However, a live-in (choose one or more) ___________ maid, cook, roommate who helps pay the bills, babysitter, etc. is so convenient that he’s not going to actually leave the house. He has left in every way but physically.

Acts 16:31

As for Acts 16: 31 — “Believe in the Lord Jesus, and you will be saved, you and your household,” one commentator writes:

We have here an imperative form “Believe” with the result of salvation followed by the words “you and your household.” Of course the imperative “Believe” applies to “you” and “your household.” Belief is necessary for “you” as well as for the “household.” The translation could also be:“Believe in the Lord Jesus to be saved; you and your household.”

One of the problems with trying to live out “the letter of the law” is that we don't’ have the law in its original letters. We’re dealing with translations of translations. As far as the New Testament goes, it was originated by people who were translating (in their heads) from their native Aramaic and Hebrew to a foreign language (Greek) as they wrote.

Not that the real problem is bad translation. The ancient Hebrews had the scripture in the original language and their religious leaders still missed the point (see almost any of Jesus’ words to the Pharisees). The real problem is a failure to understand the nature of God as revealed by Jesus. The problem is also a failure to engage God and learn to discern his voice. Scripture is not understandable to those who try to approach it any other way. It quickly becomes a rationalization for all sorts of bad behavior.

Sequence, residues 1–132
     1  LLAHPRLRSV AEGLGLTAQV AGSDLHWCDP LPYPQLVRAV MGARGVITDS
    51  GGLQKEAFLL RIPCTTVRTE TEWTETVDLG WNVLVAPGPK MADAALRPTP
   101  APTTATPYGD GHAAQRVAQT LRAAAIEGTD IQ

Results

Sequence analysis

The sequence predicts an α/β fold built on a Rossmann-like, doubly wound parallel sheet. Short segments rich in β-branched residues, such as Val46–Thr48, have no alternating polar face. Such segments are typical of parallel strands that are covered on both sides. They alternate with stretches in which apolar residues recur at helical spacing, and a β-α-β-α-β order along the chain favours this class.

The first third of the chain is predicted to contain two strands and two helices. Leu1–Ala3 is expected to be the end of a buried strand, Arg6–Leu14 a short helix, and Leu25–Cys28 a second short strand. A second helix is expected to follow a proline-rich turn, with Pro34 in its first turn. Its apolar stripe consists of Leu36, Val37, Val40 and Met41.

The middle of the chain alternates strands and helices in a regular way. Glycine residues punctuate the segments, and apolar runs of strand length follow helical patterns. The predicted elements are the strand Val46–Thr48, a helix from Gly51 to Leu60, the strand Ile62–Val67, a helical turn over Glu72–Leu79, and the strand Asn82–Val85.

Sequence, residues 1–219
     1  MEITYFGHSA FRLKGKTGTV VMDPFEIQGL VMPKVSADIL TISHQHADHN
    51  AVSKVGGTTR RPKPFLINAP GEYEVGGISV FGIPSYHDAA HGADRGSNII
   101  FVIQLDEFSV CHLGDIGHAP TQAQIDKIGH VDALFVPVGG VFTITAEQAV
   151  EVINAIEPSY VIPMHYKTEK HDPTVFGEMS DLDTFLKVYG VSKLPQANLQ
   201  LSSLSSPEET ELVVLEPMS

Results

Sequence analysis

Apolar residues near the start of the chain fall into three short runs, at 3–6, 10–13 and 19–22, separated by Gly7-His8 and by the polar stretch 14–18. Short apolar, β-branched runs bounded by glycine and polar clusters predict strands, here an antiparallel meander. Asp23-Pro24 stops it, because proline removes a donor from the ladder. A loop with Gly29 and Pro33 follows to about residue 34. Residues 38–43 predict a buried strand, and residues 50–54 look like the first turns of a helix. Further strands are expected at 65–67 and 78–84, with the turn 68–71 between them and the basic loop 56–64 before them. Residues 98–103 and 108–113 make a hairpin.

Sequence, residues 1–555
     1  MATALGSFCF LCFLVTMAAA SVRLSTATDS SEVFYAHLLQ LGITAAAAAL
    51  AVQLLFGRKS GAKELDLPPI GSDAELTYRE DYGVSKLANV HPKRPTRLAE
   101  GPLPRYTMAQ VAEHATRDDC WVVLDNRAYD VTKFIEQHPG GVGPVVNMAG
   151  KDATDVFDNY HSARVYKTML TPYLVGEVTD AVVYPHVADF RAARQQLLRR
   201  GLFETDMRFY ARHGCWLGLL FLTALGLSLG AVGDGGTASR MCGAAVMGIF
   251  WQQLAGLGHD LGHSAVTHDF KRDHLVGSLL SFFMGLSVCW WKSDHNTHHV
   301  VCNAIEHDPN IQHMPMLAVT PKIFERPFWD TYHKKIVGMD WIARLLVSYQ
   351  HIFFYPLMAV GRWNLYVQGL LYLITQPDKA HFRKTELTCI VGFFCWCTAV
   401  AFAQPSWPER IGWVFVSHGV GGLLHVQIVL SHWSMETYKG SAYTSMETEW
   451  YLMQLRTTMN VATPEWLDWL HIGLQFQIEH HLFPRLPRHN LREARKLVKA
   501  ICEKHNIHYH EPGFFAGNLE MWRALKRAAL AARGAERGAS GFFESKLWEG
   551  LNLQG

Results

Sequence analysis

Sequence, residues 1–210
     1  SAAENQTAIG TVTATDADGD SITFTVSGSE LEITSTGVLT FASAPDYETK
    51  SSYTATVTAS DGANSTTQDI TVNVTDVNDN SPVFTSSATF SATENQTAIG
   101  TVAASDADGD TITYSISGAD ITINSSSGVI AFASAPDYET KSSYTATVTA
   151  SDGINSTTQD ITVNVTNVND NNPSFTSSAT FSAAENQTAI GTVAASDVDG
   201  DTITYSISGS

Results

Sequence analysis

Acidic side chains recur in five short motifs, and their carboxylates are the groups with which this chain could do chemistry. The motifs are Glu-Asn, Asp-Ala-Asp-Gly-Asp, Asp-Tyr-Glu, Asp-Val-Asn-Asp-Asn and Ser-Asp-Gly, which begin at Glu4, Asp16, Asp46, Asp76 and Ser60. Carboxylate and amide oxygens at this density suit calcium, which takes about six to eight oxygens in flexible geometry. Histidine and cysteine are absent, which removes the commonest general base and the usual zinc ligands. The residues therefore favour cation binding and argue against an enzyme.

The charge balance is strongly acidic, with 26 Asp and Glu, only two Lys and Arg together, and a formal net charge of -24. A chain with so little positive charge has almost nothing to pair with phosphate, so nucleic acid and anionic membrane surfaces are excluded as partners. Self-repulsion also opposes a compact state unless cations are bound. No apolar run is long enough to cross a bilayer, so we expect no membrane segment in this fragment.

Discernment

Being traumatized by a sex addict can be an enormous challenge to a person’s relationship with God. If you feel ripped off by God because this has happened to you, you’re joining a very large club.

However, this journey can also be the greatest opportunity to come to know God intimately. Both in the 2014/2015 Survey of Wives of Sex Addicts and the JHJ survey on Body Image, I have read again and again how women have come to deeper levels of understanding of God since discovery. They have survived the trauma and pain because God has shown how much he delights in them, how concerned he is for their pain, how tender is his love for them.

That love and concern goes for the addict as well. However, one of the manifestations of God’s love for sinners is consequences. When there are consequences for our sins: there is opportunity to learn, repent and grow.

If you are tempted to protect your husband from the natural consequences of his sin, please spend some time talking to God about this. If you are sacrificing your emotional and spiritual (even physical) wellbeing for a man who is habitually unfaithful, a liar, or abusive, ask God to help you discern if that’s what He really wants for you and your children.

The God who loves you far more than anyone else does, has a better plan for your life (and for your family) than spiritualizing. It all starts with discernment.

For more on how to discern God's voice I recommend Whispers of My Abba.


Graham Cooke on Practicing Discernment